Images Andrew White + 13th Witness
When Michael Jackson did the moonwalk during his performance of ‘Billie Jean’ on the Motown 25 television special in 1983, all who witnessed it had fallen to the floor and nobody ever managed to get back up as he kept on hitting the world with more musical poetry and performances that became increasingly greater with each subsequent show. Michael had set the bar for live entertainment so high that no other artiste after him truly gave the excellence that he brought with him — that is of course, until Beyoncé took over the world post-I Am… Sasha Fierce.
Roll your eyes and say what you’d like, but there is no living artiste who commands attention to their music the way Beyoncé does with hers. This is probably due to what Beyoncé presents during her shows; she is determined to give fans a liv(f)e-changing experience instead of just poorly coordinated flailing and pre-recorded singing. She doesn’t request for the spotlight to flicker on her for a few seconds to give the illusion that she’s disappearing, no, she wants it there so people could envision what meeting God would be like. But on a serious note though, there is thought for detail to everything that she chooses to have on stage.
For The Formation Tour in particular, Beyoncé has scripted a storyline that reflects her recent album Lemonade. She begins the spiritual journey with ‘Act 1’, which features ‘Formation’ as the opening track, then ‘Sorry’, ‘Kitty Kat’ (we’re still wondering what she was thinking during the production of its music video), ‘Bow Down’, and ‘Run The World’.
From an energetic and rather optimistic setting, the show becomes darker with visuals of Beyoncé pulling out a blade from her mouth accompanied by the sane narration she used in the Lemonade movie (“Is this what you truly want? I can wear her skin over mine…”). The screen then flashes with crimson images of Beyoncé breaking mirrors as he recites “Ashes to ashes, dust to sidechicks,” which is used as an indication for the theme of ‘Act 2’ – and an opportune moment for anyone that has been in that position to scream their hearts out to.
The show’s atmosphere becomes aggressive throughout ‘Act 3’ while maintaining an empowering vibe, especially during ‘Don’t Hurt Yourself’ that’s got BaddieBey strutting on stage while yelling, “Who the f*ck do you think I am?” Just as she’s about to reach the best part of the song (“If you try this shit again, you gon’ lose your wife”), she transitions to ‘Ring The Alarm’ – but it’s not the pop version that we were blessed with in 2006. For this iteration, Beyoncé sits on a throne (which has magically appeared on stage) and growls into the mic singing, “I’ll be damned if I see another chick on your arm, don’t you ring the alarm,” then it breaks to the sound of sirens and a choreography reminiscent of Janet Jackson’s untouchable dance routine during ‘Rhythm Nation’. As if those elements weren’t enough to send a member of the BeyHive into a shock, a sample of ‘Independent Woman’ is dropped, which naturally sends the crowd into a screaming frenzy.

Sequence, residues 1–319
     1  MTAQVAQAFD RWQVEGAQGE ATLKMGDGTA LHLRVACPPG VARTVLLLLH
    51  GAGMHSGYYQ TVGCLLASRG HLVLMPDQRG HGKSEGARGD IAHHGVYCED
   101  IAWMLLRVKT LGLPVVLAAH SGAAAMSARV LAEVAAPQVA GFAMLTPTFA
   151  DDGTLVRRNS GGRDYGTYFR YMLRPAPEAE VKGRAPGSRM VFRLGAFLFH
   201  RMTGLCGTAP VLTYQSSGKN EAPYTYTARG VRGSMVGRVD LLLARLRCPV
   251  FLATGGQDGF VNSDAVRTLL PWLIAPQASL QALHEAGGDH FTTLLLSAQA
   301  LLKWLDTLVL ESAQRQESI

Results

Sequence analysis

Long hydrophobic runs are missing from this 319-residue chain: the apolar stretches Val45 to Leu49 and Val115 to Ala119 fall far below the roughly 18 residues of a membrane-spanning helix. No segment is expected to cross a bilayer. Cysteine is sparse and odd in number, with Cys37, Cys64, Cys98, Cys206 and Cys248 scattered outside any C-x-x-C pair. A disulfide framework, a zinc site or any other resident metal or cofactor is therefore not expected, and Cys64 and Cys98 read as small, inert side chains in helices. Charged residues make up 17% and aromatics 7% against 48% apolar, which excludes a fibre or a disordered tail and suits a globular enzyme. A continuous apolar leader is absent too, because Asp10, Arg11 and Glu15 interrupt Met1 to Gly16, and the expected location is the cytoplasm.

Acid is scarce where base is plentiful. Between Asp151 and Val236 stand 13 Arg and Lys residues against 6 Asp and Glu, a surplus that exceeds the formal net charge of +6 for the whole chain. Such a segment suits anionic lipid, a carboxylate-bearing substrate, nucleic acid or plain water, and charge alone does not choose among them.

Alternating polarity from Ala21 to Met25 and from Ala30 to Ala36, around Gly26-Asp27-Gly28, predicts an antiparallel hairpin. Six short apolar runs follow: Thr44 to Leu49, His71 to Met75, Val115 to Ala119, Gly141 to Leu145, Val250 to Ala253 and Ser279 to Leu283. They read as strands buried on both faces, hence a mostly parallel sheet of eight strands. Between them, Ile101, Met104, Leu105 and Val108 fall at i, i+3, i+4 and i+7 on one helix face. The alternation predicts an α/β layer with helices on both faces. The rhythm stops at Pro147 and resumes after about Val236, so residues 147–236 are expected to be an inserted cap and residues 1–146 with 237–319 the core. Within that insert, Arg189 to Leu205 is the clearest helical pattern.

But Beyoncé is smart, she knows to keep her fans on their toes. She doesn’t want you to pass out from excitement during the first hour of her set — no, she’s going to keep you in a state of trance until she breaks out ‘Halo’ at the end of her show.
As the set progresses, the atmosphere becomes lighter to reflect the theme of love included in songs like ‘Love On Top’, ‘1+1’, ‘Crazy In Love’, and ‘Party’. Just as everyone is about to pull their sanity together, the interlude of her final act plays; a montage of Beyoncé practising with Destiny’s Child at her home, moments from her wedding day, being with her family and Blue Ivy — and to amplify emotions, ‘Die With You’ is played in the background. This is an appropriate moment to think, “Yes God, I want to die here,” because Beyoncé just reminds us that we had seen her grow from a teenager who sang at her mother’s salon to now being a mother, a wife, and this immortal musical Goddess; we’re basically witnessing history; we are feeling the greatness that those who saw Michael Jackson felt. It’s an extraordinary feeling — no doubt that it’s covered with nostalgia and sentimentality, but that’s the beauty of music, isn’t it? Its ability to resonate with you.
After causing waterworks, the stage begins to fill with water, which means only one thing; she’s about to perform ‘Freedom’. Just as we’re about to admit the strength this particular performance is embodying, Beyoncé asks, “Do we have any survivors in the house tonight?” And then she breaks out ‘Survivor’, of course. It’s at this moment that the crowd properly loses their minds. The crowd becomes riotous and are singing the lyrics even louder than the Queen herself; it’s like a moment of awakening. Beyoncé then urges everyone who has survived racism, illnesses, bad relationships, sexism, and other personal obstacles to chant “I’m a survivor.” And at this point, the crowd is at their most content even though many had been crying while dancing.
She ends the emotional rollercoaster that was her Formation Tour with ‘Halo’, which has been the perfect way to end her shows since 2009. She runs the world, she causes it to stop; she is the greatest living entertainer the world will see.
Beyoncé’s performance at the Levi’s Stadium in Santa Clara, California was part of her Formation World Tour which began in April ’16. This show went down on Saturday 17 September ’16. JUICE managed to catch this leg of The Formation World Tour thanks to Levi’s.